According to code found in the macOS Catalina 10.15.3 beta, Apple is already looking to add a “Pro Mode” to its MacBook line in a future software update for those looking to get more performance out of their machine. However, Marco Arment makes a solid case for the need for a Low Power Mode for macOS as well.
Much like the existing Low Power Mode toggle on iOS that allows users to greatly extend their battery life when they know they’ll need it, Arment argues that the MacBook line also needs a Low Power Mode.
“I believe so strongly in its potential because I’ve been using it on my laptops (in a way) for years, and it’s fantastic,” he writes. Arment does so by disabling Intel Turbo Boost on his laptops with the Turbo Boost Switcher Pro.
With Turbo Boost disabled, peak CPU power consumption drops by 62% along with a significant reduction in temperature:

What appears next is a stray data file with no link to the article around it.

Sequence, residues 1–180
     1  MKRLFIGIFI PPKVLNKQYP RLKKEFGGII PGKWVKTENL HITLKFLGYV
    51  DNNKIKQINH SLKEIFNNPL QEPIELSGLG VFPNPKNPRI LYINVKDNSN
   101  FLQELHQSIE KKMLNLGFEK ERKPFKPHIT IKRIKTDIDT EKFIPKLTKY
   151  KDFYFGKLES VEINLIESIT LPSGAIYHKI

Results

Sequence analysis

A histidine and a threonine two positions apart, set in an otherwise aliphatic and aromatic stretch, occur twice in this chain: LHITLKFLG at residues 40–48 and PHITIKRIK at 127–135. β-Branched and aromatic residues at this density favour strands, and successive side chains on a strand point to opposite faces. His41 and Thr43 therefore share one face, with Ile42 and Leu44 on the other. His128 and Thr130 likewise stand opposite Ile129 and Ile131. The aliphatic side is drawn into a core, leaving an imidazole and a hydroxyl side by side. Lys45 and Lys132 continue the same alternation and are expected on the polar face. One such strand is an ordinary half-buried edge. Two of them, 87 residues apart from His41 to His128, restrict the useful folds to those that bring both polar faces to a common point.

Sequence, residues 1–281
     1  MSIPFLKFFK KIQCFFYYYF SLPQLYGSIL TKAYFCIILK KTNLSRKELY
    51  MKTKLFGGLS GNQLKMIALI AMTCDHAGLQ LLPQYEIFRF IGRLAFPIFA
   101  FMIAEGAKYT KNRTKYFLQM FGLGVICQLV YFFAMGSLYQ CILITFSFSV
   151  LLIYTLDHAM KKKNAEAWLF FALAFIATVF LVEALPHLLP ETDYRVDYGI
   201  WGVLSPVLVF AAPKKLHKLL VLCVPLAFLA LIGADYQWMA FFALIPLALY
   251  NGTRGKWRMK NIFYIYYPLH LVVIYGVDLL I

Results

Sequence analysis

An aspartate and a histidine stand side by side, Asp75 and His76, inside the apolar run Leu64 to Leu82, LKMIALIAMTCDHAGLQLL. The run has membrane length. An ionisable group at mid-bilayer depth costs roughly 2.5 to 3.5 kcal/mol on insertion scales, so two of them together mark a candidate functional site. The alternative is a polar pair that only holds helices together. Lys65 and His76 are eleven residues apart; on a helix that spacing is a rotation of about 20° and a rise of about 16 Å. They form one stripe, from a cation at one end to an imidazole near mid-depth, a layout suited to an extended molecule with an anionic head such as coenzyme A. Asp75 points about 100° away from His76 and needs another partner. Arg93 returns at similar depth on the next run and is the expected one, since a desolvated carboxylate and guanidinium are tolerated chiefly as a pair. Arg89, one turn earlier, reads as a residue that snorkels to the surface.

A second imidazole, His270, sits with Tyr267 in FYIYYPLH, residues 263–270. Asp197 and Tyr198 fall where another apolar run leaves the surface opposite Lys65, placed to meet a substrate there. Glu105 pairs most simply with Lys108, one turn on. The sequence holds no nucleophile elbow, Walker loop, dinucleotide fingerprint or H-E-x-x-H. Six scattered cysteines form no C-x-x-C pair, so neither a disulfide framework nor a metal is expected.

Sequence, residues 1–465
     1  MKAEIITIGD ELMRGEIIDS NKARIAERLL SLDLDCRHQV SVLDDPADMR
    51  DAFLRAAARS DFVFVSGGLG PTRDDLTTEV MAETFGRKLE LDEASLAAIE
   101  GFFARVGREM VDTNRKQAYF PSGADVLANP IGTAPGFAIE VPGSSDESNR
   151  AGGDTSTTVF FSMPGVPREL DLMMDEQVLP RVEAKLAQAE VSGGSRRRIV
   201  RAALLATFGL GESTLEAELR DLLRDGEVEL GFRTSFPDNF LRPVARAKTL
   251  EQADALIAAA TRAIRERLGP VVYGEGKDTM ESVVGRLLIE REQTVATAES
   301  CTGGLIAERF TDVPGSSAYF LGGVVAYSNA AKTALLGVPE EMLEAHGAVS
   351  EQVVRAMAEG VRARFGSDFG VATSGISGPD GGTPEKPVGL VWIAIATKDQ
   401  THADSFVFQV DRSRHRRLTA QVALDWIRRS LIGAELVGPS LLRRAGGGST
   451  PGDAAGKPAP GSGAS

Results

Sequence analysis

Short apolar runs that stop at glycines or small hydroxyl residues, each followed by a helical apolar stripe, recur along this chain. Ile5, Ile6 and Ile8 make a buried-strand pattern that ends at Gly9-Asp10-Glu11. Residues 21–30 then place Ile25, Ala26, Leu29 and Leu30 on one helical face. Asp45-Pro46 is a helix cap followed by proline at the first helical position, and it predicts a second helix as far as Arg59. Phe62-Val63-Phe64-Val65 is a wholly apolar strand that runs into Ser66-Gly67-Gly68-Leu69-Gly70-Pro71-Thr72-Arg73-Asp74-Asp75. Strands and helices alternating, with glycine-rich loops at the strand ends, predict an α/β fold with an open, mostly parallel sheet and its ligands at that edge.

This has two massive benefits:
- The fans never audibly spin up. When Turbo Boost is enabled, the fans annoyingly spin up every time the system is under a heavy sustained load. Disable it, and it’s almost impossible to get them to be audible.
- It runs significantly cooler. Turbo Boost lets laptops get too hot to comfortably hold in your lap, and so much heat radiates out that it can make hands sweaty. Disable it, and the laptop only gets moderately warm, not hot, and hands stay comfortably dry.
The vast majority of the time I’m using it, the 16-inch MacBook Pro is a much better laptop with Turbo Boost disabled.
However, since future versions of macOS might not support Turbo Boost Switcher Pro, Apple needs to make this feature official by simply introducing a Low Power Mode for macOS.